The family reentry experiences of previously incarcerated mothers: A qualitative study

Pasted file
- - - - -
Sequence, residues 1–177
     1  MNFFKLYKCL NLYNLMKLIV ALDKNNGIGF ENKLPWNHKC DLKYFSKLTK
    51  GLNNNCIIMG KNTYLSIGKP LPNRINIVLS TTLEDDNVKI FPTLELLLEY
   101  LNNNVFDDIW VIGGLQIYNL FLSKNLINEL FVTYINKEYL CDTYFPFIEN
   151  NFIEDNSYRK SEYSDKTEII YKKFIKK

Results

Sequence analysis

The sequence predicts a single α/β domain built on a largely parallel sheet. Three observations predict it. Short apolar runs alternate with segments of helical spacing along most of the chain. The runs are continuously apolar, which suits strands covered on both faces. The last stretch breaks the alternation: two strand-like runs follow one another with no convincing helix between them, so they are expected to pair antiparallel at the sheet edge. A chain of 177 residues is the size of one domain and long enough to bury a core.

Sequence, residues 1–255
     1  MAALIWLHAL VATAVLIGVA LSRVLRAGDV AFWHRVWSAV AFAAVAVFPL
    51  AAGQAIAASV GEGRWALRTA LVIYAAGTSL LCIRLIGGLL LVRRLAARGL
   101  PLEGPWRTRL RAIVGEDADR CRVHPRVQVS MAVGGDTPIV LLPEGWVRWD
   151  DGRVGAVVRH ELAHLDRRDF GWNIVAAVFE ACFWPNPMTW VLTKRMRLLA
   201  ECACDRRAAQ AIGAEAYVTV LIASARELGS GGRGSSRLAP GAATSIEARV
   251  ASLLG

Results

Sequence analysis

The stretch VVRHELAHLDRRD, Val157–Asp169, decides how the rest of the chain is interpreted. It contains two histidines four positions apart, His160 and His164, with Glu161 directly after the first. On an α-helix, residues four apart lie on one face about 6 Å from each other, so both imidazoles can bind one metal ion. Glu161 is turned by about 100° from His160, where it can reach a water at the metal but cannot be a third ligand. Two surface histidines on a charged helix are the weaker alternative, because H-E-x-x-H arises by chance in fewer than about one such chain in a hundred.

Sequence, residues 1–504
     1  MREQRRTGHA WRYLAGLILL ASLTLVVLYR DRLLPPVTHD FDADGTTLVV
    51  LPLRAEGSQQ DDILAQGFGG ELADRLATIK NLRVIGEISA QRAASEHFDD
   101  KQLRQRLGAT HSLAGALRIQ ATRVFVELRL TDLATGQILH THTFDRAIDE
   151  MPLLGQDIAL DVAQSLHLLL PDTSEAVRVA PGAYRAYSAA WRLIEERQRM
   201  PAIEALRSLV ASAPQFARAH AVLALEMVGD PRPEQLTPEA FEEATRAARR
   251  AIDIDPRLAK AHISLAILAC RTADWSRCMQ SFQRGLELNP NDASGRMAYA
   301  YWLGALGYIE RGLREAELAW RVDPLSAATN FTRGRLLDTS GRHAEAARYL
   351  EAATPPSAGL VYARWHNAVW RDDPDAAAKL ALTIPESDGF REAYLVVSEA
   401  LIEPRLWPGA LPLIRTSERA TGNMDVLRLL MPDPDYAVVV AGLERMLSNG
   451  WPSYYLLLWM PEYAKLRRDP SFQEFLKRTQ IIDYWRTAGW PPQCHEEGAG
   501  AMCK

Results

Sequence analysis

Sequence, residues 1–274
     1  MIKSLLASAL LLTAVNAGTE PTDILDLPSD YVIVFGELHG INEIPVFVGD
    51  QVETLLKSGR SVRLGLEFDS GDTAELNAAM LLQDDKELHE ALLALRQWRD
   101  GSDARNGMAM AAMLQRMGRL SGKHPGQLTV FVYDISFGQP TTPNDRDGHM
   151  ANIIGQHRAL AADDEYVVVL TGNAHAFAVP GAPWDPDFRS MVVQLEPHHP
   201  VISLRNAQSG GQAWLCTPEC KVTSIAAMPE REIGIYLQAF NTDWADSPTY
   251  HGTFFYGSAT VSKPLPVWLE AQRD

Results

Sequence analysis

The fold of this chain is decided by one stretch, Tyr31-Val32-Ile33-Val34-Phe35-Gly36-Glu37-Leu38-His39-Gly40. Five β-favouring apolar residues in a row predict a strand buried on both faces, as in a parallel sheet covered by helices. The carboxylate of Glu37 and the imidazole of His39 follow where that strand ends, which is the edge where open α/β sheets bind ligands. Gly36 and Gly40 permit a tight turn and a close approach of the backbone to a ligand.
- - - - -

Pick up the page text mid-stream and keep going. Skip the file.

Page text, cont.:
The purpose of this qualitative study was to use a phenomenological approach to gain an informed perspective on the lived experiences of formerly incarcerated mothers. An additional focus was given to what these mothers found to be strengths during this transition. Utilizing a family systems framework, semi-structured interviews were completed with 14 mothers experiencing reentry. All interviews were audio-recorded and transcribed verbatim by the researcher. The transcriptions were then categorized and analyzed for emerging themes. Findings included four themes and subsequent subthemes: (1) Reentry is Challenging: Preparation Before Release; Walking on Eggshells; Reentry Obligations; Financial Strain, Rebuilding Trust; (2) Motherhood is a Hindrance to Reentry: Reentry Obligations Versus Children’s Needs; Key Conversations With Children; Impact of Reentry on Children; and Maternal Guilt; (3) Motherhood is a Motivator for Reentry: Breaking The Chain; Children As Encouragement; and Not Giving Up; and (4) Strengths For Successful Reentry: Inner Strengths; Spirituality; Support Networks; and Reentry Services. Implications for policy are discussed and recommendations are offered for family therapists and other professionals working with this population and their families.